After work, I went out to the north side to check for the peregrines before rushing home to meet our friend John, who was coming over for the evening. Again, both the museum birds were on the north niche. I took about 30 photos before they flew off and hoped desperately that one or two would come out. Rushing towards the bus, I happened to see the museum’s kestrel pair and took their pictures as well. Just as I put the camera back in the bag, they started vocalizing to each other and then copulated. Well, at least we’ll have kestrel babies this year!
I got home a bit late and got to our front door just in time for John to walk up. We met Sean upstairs as he busily unpacked the rest of our camera equipment that had just been delivered. For the next hour, the three of us played with the new tripods – sturdy as all get out! I didn’t realize how unsturdy our old tripod was until I put my scope atop the new one.
We took a look through the scope and caught site of (probably) Herc and (probably) Max just as (p) Max landed right on top of her. Wow, copulationpalooza. Spring is here, I guess.
The boys had to talk computers for awhile, so I settled in to take a look at my pictures. As I had suspected, most of the hawk pictures were grainy. I loaded a few of them onto Flickr, just for posterity, and checked out the EXIF data. Laughable, as I had suspected. I was ALL over the place as far as settings went. The afternoon pictures were slightly better, though and the evening pictures slightly better yet. Not great, but I could see some improvement.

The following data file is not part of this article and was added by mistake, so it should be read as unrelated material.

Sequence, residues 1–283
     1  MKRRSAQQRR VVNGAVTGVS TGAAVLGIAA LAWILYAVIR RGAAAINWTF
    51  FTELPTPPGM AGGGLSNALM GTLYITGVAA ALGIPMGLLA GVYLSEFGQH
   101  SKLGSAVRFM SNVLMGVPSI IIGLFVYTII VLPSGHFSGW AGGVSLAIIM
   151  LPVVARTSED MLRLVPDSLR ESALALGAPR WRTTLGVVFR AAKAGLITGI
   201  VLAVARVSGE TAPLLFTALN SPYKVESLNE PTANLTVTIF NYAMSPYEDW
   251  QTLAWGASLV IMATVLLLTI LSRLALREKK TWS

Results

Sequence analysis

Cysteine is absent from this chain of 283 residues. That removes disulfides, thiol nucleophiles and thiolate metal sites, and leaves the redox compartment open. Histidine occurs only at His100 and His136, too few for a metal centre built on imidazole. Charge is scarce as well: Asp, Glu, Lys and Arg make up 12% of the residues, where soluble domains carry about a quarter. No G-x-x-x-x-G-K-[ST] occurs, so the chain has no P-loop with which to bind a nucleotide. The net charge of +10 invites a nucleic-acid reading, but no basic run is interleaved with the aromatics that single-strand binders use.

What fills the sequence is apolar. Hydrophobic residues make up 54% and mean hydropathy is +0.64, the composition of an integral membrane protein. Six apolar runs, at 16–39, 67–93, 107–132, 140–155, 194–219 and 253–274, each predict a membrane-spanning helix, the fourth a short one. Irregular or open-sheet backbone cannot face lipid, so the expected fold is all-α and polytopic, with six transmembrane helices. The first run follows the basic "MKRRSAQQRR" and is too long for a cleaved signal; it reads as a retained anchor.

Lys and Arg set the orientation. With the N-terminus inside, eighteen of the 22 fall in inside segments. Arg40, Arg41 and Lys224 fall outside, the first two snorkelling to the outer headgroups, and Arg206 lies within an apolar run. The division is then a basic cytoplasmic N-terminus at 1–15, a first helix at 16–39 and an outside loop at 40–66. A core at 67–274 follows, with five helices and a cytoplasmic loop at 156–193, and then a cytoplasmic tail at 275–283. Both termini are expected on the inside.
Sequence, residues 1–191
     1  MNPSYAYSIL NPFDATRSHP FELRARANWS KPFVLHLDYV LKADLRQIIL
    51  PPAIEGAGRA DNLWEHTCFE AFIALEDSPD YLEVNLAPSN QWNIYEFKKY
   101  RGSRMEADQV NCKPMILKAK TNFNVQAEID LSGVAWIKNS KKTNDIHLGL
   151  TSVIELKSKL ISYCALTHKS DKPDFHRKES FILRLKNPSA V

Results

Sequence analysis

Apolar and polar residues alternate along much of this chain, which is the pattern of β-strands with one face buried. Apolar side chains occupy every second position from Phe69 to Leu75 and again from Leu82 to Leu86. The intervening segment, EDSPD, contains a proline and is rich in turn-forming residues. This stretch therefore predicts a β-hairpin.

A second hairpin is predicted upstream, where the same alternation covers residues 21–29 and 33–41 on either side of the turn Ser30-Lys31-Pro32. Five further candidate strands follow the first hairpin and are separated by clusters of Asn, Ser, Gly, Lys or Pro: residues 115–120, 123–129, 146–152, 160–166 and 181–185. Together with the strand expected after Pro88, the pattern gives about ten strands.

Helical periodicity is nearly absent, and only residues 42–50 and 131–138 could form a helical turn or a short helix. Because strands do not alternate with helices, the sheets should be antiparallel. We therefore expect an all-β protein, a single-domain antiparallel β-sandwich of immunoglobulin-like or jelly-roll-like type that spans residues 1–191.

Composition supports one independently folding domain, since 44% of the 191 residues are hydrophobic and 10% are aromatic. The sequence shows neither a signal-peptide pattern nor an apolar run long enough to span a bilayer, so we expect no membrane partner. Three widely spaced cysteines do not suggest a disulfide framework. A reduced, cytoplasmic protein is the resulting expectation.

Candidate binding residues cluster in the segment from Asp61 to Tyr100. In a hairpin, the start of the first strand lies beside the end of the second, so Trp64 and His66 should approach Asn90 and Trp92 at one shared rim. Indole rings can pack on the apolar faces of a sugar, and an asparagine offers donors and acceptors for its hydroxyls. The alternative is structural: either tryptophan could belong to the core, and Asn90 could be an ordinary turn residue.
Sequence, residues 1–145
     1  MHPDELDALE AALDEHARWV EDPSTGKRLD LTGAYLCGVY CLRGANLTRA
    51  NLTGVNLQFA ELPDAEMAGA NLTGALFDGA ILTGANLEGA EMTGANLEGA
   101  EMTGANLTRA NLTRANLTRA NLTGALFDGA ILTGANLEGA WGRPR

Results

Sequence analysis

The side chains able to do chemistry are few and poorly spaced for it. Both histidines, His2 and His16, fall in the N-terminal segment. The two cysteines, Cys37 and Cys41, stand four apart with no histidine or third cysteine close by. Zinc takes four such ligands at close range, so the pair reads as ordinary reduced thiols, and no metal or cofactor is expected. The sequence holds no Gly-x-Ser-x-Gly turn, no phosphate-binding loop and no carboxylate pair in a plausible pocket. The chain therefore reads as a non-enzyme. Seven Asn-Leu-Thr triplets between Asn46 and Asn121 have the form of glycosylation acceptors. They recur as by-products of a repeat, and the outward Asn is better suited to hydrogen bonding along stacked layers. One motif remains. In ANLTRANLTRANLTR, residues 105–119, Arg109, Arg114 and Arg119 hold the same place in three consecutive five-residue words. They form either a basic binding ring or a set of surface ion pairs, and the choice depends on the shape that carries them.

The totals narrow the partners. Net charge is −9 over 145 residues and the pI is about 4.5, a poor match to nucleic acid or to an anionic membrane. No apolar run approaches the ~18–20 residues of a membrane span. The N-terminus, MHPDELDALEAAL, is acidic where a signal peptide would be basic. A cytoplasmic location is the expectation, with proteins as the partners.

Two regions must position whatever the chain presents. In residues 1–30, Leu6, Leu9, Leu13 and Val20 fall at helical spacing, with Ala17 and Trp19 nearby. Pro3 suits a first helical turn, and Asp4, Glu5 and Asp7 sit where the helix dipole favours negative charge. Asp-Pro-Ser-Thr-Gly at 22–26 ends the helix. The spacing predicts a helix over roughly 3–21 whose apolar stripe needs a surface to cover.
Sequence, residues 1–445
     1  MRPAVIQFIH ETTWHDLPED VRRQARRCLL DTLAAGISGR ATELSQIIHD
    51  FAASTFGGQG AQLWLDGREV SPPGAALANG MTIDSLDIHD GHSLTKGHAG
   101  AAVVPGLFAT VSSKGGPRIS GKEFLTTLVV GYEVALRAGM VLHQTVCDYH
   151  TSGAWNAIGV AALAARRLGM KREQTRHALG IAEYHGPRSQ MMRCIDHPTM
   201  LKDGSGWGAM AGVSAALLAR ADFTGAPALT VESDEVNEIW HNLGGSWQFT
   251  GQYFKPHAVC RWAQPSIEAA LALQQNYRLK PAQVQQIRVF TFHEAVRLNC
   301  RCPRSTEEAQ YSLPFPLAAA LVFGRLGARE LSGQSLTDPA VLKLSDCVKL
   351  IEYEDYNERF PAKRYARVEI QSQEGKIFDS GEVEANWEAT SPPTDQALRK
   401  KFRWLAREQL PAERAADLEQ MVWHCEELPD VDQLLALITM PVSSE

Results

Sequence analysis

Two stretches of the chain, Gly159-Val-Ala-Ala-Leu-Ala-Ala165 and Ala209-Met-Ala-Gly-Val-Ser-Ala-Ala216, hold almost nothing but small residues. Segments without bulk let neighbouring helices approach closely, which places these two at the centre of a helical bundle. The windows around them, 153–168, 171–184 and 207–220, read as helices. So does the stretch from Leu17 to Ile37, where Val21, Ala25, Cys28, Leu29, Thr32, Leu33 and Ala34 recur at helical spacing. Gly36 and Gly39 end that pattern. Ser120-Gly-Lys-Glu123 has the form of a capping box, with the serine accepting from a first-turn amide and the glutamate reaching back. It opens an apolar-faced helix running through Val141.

I was DELIGHTED to note that I managed to get three clear pictures of the museum male’s legs all of which clearly showed that he’s unbanded. Last year, the museum male was also unbanded so, while we can never ever know for absolute certain this is the same guy, it probably is. My first leg band of the season! Well, sort of. My first non-leg band?
Anyway, I will learn how to use this camera, but it is going to take me some time. For now, I am reading, I am experimenting and I am – as you can see – failing. However, I know that at some point, this camera will become like an extension of my arm, just like the others have. I can’t wait. It is VERY nice to know that the picture quality is all the fault of the photographer and not in the least the fault of the equipment.
For now, I just have to keep on keeping on. Oh, and start muscling up my arm, because this is one hell of a heavy extension.